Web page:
M.H. Beg, J.
1. The plaintiff landlord had purchased a shop by a sale deed dated 17th May, 1965, and then terminated the tenancy of the defendant-petitioner by a registered notice in July, 1965, coupled with a demand for arrears of rent. Upon the failure of defendant to comply with the notice to quit a suit was filed against the defendant-petitioner on 23rd November, 1965. During the pendency of that suit the Rajasthan Premises (Control of Rent & Eviction) Act, 1950, was made applicable by a notification dated 30th March, 1967, to Rajgarh town where the shop is situated.
2. The defendant petitioner had denied having executed any rent note in favour of Bhurdas, the predecessor-in-interest of the plaintiff landlord who had also notified the defendant petitioner of the sale in. favour of the plaintiff by a registered notice dated 25th June, 1965, received by the defendant petitioner on 29th June, 1965. The defendant petitioner pleaded having taken the shop from another individual, Mahant Ram Ratan Das.
3. In the course of litigation, the defendant-petitioner had asked for an-issue to-be framed on the question whether there was legal necessity for the transfer in favour of the plaintiff. In other words, he had questioned, at that stage, the legality of transfer in favour of the plaintiff on the ground of want of title in the plaintiff's predecessor-in-interest and also on the ground that the sale deed was invalid. The High Court had, however, on a revision application preferred by the defendant-petitioner rejected the demand of the tenant for framing of' an issue on the question whether there was legal necessity for the transaction. The ground for this rejection was that, as the defendant-petitioner had obtained possession under a tenancy from Bhurdas, the predecessor-in-interest of the present landlord, Surajmal, the defendant-petitioner Udai Chand, Was estopped from questioning the title of his landlord by reason of the principle laid down in Section 116 of the Evidence Act.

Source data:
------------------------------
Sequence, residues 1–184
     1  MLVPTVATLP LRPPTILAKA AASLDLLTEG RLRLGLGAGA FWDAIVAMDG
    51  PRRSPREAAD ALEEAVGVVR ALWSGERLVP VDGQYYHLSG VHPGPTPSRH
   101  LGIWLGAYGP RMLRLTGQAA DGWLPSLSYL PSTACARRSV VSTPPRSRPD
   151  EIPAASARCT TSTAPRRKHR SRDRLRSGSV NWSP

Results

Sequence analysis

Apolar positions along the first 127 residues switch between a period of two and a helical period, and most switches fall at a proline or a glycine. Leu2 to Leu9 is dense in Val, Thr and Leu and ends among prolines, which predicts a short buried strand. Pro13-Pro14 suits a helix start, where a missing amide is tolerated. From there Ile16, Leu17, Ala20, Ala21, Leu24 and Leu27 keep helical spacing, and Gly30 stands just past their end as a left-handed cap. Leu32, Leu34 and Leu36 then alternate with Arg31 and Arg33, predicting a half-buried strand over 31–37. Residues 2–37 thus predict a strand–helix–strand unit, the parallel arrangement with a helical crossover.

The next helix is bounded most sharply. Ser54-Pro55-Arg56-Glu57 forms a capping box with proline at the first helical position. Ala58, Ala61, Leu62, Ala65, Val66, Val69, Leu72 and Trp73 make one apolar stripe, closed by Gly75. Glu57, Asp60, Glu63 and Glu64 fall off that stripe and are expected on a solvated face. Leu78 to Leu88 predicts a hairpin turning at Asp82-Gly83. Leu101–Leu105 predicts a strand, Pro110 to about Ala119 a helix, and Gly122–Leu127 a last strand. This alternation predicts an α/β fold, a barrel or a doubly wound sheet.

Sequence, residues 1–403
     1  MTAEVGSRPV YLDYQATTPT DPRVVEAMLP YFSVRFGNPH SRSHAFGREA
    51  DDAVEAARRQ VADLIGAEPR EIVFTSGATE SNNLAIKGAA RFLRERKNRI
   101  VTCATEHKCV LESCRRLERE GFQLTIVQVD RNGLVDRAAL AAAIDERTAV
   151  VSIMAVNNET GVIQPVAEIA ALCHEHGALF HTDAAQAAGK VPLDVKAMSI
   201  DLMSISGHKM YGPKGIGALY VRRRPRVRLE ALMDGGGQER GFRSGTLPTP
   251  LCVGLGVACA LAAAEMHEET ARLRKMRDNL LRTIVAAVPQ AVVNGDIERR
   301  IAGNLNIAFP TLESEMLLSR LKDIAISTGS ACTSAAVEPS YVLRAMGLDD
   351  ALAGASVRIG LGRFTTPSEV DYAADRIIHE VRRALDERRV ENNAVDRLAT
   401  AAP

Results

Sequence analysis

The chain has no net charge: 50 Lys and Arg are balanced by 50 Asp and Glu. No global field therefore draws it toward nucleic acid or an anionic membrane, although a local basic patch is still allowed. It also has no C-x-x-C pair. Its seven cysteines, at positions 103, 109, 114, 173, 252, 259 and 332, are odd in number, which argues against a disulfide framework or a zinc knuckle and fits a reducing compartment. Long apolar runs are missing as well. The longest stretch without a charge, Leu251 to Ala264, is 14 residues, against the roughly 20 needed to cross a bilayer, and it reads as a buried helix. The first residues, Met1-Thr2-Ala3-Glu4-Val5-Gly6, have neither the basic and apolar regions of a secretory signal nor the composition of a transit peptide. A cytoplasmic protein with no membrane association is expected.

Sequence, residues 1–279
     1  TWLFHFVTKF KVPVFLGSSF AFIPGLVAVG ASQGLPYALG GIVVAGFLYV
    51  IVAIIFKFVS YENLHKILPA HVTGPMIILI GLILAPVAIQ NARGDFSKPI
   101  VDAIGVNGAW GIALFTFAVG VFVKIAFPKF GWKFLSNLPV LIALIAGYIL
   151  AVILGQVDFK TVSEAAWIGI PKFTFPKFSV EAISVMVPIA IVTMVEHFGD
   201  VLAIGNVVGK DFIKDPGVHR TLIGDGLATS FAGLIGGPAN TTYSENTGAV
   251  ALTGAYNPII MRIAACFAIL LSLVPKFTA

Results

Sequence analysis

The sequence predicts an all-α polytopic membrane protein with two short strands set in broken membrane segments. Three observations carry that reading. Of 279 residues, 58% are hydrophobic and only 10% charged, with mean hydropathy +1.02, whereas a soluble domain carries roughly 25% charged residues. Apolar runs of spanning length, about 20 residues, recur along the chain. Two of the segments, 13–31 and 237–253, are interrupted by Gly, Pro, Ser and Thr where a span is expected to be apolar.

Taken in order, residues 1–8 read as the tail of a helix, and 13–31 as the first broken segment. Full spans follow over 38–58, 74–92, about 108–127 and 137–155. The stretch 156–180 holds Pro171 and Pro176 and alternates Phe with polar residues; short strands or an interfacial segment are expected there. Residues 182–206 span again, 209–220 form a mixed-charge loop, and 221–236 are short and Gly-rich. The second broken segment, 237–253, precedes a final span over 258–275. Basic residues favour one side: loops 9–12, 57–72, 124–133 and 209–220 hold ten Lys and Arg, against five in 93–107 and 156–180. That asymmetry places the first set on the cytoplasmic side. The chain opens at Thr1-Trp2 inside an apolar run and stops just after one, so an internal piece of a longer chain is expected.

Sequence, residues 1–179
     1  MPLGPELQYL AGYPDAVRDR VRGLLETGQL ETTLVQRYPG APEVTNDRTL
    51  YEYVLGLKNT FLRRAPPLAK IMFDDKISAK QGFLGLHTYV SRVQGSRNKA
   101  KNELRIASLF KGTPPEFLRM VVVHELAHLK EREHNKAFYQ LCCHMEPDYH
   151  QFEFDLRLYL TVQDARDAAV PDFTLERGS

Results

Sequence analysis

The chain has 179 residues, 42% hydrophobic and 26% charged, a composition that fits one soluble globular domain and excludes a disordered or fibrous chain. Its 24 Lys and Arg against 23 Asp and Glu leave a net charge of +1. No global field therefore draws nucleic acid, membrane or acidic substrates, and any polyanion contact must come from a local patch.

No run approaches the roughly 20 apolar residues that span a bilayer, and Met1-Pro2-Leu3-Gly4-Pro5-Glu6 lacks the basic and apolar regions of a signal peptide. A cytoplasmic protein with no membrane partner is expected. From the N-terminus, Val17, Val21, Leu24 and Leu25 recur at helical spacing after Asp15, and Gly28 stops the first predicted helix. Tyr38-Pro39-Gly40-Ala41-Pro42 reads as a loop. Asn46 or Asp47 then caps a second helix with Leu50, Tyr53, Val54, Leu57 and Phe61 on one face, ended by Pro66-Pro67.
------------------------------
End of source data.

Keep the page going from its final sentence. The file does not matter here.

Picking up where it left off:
4. Ultimately, upon the decree for eviction, the defendant-petitioner had again challenged the view that he was estopped from questioning the title of Bhurdas. On this question the learned judge who heard the second appeal in the High Court observed :